To this end, the Commission calls upon the Zambia Police Service to always administer the Public Order Act in a non-discriminatory manner and afford equal opportunities to all participating political parties to canvass for votes without unreasonable and unjustifiable restrictions. It is regrettable that there is systemic suppression of the right to freedom of assembly, particularly for individuals and groupings with dissenting or divergent views from those of the ruling party.

The Commission wishes to remind the nation that the suppression of the right to freedom of assembly was one of the human rights concerns raised to the Zambian Government during the Universal Periodic Review (UPR) under the auspices of the UN Human Rights Council in Geneva in December 2017. The Government of the Republic of Zambia voluntarily accepted to review the Public Order Act and also to stop its discriminatory implementation by the police.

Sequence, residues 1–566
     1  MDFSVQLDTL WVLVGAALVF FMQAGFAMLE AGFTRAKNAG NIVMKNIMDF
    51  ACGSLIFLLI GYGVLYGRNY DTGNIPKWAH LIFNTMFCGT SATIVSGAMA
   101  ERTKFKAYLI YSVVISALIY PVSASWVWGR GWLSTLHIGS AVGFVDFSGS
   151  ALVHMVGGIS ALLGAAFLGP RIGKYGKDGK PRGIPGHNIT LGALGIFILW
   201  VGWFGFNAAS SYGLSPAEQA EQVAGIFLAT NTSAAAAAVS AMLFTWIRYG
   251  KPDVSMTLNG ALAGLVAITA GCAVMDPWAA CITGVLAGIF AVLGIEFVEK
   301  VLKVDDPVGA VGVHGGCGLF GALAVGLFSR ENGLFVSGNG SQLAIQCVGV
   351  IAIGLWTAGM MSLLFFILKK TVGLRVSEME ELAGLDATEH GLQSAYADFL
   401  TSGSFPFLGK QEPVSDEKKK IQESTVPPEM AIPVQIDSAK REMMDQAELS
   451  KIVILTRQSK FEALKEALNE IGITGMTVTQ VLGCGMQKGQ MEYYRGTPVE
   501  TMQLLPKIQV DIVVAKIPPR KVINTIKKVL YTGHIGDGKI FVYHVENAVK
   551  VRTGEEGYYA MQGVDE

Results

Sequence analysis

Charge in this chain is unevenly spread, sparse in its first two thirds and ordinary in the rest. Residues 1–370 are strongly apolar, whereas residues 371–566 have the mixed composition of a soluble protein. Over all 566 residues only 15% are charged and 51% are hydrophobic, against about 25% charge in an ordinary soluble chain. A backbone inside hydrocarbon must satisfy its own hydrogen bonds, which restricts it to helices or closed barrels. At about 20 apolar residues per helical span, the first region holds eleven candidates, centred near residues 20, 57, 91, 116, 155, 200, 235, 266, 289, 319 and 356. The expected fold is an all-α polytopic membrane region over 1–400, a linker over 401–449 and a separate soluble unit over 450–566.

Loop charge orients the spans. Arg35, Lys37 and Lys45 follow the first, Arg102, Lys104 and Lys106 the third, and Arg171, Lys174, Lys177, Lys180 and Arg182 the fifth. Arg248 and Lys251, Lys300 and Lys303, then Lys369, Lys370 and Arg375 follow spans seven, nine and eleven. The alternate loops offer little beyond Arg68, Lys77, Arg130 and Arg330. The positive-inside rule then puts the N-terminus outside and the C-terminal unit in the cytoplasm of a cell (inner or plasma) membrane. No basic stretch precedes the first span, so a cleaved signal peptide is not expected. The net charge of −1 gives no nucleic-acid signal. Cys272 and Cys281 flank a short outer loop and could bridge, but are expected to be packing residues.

Regrettably, some individuals and groups continue being denied the exercise of this constitutional and human right, in abrogation of the Government’s national and international obligations and commitment to respecting the right to freedom of assembly.

ii. Another right that is violated during political and public gatherings is the right to protection against torture and other forms of cruel, inhuman or degrading treatment or punishment. This violation was vivid with the police brutality of PF cadres in Sesheke, during which at least 12 victims were treated for various injuries at Yeta Mission Hospital.
The international human rights law is instructive that the Right to Protection against Torture and Other forms of Cruel, Inhuman or Degrading Treatment or Punishment is absolute, and under no circumstances, even under a state of political instability, should it be violated.